Posted on Feb 22, 2012 | 1 comment

What is happening to the NHS?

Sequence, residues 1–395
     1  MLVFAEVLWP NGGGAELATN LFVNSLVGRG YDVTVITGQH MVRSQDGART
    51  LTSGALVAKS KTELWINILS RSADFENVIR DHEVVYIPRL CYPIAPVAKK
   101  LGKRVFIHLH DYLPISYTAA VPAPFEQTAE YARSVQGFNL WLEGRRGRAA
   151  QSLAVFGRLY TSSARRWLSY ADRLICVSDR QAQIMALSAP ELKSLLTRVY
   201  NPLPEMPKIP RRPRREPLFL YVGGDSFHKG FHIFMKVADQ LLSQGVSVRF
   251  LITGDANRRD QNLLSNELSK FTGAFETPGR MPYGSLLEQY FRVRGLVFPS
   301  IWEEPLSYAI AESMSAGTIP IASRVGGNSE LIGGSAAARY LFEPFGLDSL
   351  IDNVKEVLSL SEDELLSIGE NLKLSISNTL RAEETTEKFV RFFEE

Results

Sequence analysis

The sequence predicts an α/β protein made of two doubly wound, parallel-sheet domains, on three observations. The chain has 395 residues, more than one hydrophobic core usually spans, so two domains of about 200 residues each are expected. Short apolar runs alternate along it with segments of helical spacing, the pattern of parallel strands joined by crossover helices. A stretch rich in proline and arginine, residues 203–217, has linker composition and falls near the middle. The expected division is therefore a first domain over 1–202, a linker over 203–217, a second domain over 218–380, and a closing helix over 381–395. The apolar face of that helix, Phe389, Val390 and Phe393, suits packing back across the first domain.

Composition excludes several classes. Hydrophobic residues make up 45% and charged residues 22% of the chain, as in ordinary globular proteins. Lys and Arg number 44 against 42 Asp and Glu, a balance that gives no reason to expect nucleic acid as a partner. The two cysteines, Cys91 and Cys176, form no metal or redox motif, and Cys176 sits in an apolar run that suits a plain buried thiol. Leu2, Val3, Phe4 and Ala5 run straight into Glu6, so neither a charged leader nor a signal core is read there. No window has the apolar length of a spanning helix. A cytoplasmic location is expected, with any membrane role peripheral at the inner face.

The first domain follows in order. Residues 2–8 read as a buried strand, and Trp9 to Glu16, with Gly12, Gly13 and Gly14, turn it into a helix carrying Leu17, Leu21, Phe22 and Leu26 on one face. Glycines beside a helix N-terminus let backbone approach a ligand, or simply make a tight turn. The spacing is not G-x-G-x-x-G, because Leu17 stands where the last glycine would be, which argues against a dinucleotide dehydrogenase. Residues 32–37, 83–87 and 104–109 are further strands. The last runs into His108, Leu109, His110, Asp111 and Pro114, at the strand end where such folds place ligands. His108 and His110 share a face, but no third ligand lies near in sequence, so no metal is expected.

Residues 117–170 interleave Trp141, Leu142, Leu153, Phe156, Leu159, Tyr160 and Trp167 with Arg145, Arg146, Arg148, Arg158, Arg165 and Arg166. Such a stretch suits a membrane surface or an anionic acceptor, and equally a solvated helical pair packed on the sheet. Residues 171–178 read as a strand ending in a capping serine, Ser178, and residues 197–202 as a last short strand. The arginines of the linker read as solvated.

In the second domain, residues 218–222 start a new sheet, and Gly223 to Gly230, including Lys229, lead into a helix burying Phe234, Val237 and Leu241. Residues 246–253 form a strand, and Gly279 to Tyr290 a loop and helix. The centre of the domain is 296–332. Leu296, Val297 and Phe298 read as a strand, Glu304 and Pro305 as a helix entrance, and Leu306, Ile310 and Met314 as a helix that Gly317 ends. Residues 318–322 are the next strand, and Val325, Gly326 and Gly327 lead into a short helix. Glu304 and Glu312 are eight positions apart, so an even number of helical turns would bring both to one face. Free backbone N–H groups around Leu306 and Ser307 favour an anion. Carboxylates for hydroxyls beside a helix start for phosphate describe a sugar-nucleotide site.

The Coalition government is at it again. They are pulling the rug out from under the Disability Living Allowance. Ripping the Mobility element from many needy people. Making disabled families who are also very poor, poorer. If that wasn’t enough to make a person want to charge Downing Street and literally disable David Cameron, now they are pressing through their National Health Service reforms. Pressing ahead despite most of the NHS begging them not to. Despite most of the professional bodies associated with the NHS criticizing it. Despite patient groups and people like me, on the frontlines of this battle – and I could go on with war rhetoric. It is an apocalyptic change to the NHS. If you are anything like me, the reforms sound absurd and complicated and not thrashed out in the least. I can’t work out much details at all, while at the same time, all I hear from the government are words like change, reform and competition. What of the details? How do they plan on achieving these, and is it change for good or just for its own sake? So, let’s put it in terms we’ll understand. How will the reforms affect May? Recap on May’s needs: Equipment – lycra suiting, bath seat, supportive seating for eating and play, standing frame Hospital visits – neurology, vision, seizures Community help – physio, OT, visual therapy, Social Services OT It is clear that May is EXPENSIVE. She costs serious money. And, no doubt the government would like to cut down on the tens of thousands of pounds they spend on her yearly. (Her lycra supergirl suit for example – £500/3x a year). The government wants to remove the Primary Care Trusts that manage the money and make decisions for an area. In their place, they want GPs to manage their own money and contract out as they see fit. This is all about improving the system so it meets local demands. What this means is that GPs will not manage their own money. They will contract that out to private firms. Of course they will! They are GPs not managers. They want to help patients – as they should. So, part of the money will already go to private companies who will profit off the NHS in exchange for managing the funds of GPs. By focusing on local concerns – let’s say a certain area has more cases of lung cancer, for example – individual, complex cases like May could pay the price. Like I said, May is expensive. No one is going to profit off her. They are going to lose money big time. Will this mean that GPs encourage us to find a new practice? Or, that they simply say it is too difficult to source May’s next lycra suit? I’m already having these kind of conversations and it is only going to get worse. The Royal College of General Practitioners said it was “concerned that some of the types of choice outlined in the government’s proposals run a risk of destabilising the NHS and causing long-term harm to patient outcomes, particularly in cases of children with disabilities, those with multiple comorbidities and the frail and elderly.”(wikipedia) Like most policies spun to appear better for patients, the government is short-sighted. They are so desperate to save money now – and make money for private companies AKA “opening up competition” – they forget that they are creating a deficit for themselves later. When May, and children like her, can’t eat independently, sit independently or any number of other basic skills, that will be lifetime...